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Pharmacists want COVID-19 antivirals to be available over the counter. Their call has raised concerns

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A push to allow access to COVID-19 treatments without prescriptions has triggered safety concerns.
There are — Paxlovid and Lagevrio — and while early treatment is critical to lessen the effects of the virus, access is restricted.
People are eligible for the treatments with a prescription from a GP or nurse.

However, Australia’s pharmacy body wants the federal government to allow them to be supplied over the counter to speed up access upon infection.

Pharmacy Guild president Trent Twomey says wait times to see GPs are getting longer, which is a problem considering the window to use the medications.
“Given the treatment program of these life-saving antiviral medicines needs to commence within five days of the initial onset of COVID-19 symptoms, it’s vital patients test early and often and receive treatment without long delays,” he said in a statement on Thursday.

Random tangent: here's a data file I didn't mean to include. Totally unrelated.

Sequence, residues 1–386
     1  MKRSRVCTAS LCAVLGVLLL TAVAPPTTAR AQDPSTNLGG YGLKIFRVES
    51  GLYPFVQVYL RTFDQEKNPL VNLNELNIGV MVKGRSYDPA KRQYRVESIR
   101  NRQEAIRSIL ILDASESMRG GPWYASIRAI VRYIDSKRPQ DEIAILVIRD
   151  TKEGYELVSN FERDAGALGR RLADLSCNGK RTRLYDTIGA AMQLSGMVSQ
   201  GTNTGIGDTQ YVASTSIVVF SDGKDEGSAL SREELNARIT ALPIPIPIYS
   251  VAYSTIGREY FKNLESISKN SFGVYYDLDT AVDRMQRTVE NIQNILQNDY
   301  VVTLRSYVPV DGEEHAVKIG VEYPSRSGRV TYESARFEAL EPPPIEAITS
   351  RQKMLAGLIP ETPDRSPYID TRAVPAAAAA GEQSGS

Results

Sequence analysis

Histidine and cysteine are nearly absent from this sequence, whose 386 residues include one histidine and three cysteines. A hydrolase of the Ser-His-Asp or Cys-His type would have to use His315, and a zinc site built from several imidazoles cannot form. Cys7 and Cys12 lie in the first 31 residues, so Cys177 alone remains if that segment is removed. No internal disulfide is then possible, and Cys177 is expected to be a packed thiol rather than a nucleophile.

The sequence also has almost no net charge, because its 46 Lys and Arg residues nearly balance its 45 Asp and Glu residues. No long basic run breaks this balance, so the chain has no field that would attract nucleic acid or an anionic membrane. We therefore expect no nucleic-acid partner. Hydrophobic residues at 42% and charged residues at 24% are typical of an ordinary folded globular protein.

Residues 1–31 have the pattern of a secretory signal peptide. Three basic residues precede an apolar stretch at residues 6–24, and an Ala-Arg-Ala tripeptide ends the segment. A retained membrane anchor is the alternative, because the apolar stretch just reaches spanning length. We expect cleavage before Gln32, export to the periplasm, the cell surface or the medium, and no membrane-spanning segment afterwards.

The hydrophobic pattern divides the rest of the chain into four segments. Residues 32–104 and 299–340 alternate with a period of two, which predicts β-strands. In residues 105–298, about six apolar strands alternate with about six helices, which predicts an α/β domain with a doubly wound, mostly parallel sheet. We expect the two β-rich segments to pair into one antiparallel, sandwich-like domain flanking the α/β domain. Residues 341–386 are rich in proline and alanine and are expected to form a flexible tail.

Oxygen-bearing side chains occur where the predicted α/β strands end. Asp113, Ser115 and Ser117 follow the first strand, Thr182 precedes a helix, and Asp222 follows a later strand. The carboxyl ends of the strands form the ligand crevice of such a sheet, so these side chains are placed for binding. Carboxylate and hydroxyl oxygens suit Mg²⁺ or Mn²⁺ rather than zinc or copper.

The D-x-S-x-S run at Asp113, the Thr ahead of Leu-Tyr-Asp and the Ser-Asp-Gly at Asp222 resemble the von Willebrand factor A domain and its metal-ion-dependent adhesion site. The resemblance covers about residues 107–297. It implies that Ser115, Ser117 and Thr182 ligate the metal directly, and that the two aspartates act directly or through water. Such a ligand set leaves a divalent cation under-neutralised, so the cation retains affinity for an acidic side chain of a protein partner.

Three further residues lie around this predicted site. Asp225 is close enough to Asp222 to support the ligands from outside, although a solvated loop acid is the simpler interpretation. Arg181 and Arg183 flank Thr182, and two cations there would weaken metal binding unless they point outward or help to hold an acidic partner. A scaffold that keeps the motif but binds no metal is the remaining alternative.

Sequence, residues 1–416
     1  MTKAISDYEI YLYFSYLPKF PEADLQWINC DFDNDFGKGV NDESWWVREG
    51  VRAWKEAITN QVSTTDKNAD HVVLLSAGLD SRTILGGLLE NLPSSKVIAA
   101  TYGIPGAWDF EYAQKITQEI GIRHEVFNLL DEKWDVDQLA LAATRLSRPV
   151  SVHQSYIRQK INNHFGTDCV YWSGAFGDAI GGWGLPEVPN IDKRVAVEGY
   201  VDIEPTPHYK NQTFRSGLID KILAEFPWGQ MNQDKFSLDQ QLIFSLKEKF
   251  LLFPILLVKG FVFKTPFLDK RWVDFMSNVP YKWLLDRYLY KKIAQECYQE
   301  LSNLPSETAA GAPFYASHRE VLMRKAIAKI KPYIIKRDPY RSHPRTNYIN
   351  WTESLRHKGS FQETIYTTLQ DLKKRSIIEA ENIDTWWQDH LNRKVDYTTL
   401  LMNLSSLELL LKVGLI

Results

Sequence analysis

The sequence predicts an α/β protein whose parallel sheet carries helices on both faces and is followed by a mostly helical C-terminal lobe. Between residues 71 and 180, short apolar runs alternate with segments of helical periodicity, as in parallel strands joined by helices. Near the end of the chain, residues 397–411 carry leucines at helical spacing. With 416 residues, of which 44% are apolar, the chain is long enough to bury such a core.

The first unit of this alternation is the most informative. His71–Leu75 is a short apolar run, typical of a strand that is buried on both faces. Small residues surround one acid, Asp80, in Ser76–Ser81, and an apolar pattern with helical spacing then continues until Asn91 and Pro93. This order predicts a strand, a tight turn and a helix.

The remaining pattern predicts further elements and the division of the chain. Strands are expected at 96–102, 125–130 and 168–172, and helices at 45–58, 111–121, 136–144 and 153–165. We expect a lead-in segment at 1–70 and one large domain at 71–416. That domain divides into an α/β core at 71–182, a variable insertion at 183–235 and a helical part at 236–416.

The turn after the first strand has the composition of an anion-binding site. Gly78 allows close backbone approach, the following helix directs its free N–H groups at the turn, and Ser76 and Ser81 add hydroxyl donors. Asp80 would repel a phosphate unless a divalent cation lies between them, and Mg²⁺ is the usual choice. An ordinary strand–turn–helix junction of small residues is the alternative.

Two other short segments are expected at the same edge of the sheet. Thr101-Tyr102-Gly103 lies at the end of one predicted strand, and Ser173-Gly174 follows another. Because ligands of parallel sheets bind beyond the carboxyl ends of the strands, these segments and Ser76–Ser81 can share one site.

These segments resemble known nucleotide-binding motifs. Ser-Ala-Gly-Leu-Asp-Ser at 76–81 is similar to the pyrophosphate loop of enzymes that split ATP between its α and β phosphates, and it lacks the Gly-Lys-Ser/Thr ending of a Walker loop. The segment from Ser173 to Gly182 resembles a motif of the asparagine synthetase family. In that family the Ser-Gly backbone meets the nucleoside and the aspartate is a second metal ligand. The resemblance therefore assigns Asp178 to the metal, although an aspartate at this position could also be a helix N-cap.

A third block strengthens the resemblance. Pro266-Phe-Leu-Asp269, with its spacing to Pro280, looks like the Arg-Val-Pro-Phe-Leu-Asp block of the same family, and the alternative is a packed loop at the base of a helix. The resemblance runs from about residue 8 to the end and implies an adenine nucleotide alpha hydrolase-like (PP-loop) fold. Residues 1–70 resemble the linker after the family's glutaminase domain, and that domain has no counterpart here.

Professor Twomey says New Zealand recently followed the example of Canada and the United Kingdom by dispensing antivirals at local pharmacies.

However, the Royal Australian College of General Practitioners (RACGP) believes patient safety should be prioritised.

While treatments need to be provided more quickly, issuing them over-the-counter is not the answer, says RACGP president Karen Price.
“Allowing pharmacists to prescribe and dispense antivirals will not improve access and there are significant risks to patients,” Professor Price said.
“These drugs have what we call ‘contraindications’, which is the term used to describe when a particular treatment should not be used, as well as interactions with other common medications.”
She said general practitioners know the health history of patients and can assess the potential impacts of the antivirals, while pharmacies cannot.

“Pharmacies should keep their focus on the job at hand, which is availability of stock,” Professor Price said.

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“There should be a website showing where stock is available, as they have previously done for rapid antigen test stocks.”
She said antivirals can be the difference between a patient having mild effects from the virus or ending up in hospital.
“However, we must proceed with caution because the last thing we want to do is potentially endanger patients,” Professor Price said.
Health Minister Mark Butler says prescription rates almost tripled following the expansion of antiviral access in July.

Australia recorded more than 27,000 COVID-19 cases and 133 deaths on Wednesday, with nearly 4,500 people in hospital with the virus.

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